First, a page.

Every month CabbieBlog hopes to show you a little gem of a building which you might have passed without noticing. Situated in St. James’s Park Duck Island Cottage, surrounded by foliage is more visible at night when illuminated than by day. The first governor of Duck Island was created by Charles II for Charles de St. Denis, Seigneur de Saint Evremond, exiled from France introduced champagne to Britain, the Monarch’s favourite tipple.
[T]he King planned to transform St. James’s Park into a fashionable French style garden complete with a canal extending almost the entire length of the park, placing at one end a 100ft duck island. He was to continue his family’s practice of keeping birds here which would put fowl on the menu. He appointed Edward Storey as ‘Keeper of the King’s birds’ hence nearby Storey’s Gate and Birdcage Walk running the length of the park.
Originally built as a decoy the building was extended in the succeeding years eventually being re-built by William III as Duck Island Cottage.
To show that Monarchs were not without humour in 1733 Queen Caroline revived the post of Governor of Duck Island and presented it to the celebrated ‘thresher’ poet a certain Stephen Duck.
The gardens and lake over time became a stench of stagnant water and dense wilderness until the park was landscaped by John Nash to approximate what we see today. In 1837 the Ornithological Society of London was formed and successfully petitioned that a house for a bird-keeper be constructed on Duck Island, but after a short time the Society was wound up and little was done for Duck Island.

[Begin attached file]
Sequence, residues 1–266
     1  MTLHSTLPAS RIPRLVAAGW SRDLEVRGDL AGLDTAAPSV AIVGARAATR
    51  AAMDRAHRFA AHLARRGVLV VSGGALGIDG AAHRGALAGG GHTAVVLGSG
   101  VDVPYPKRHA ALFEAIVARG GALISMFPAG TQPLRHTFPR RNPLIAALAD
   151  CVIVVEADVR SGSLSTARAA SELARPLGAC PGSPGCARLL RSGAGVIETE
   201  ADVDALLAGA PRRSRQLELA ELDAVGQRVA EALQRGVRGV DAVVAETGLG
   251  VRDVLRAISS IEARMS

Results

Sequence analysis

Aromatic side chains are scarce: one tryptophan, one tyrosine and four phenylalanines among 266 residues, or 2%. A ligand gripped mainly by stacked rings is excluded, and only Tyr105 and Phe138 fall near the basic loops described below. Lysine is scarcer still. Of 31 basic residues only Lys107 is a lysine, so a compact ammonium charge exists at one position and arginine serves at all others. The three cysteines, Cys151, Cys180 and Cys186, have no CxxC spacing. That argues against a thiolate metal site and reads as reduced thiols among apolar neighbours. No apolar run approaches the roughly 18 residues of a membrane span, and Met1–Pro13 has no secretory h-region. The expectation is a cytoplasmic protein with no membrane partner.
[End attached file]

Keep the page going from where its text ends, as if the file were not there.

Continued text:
Sliding gently into obscurity and screened from view by shrubs the hut was lived in from 1900 to 1954 by bachelor bird-keeper Thomas Hinton. After his death and with damaged caused by wartime air raids the cottage was deemed unfit for human habitation.
Saved from demolition by the Royal Fine Art Commission it was eventually remodelled and given over to two spinster park keepers who lived there until 1980.
Since that time Duck Island Cottage has been carefully restored and is decorative features reinstated. It is now the temporary headquarters of the London Historic Parks and Gardens Trust in 1994.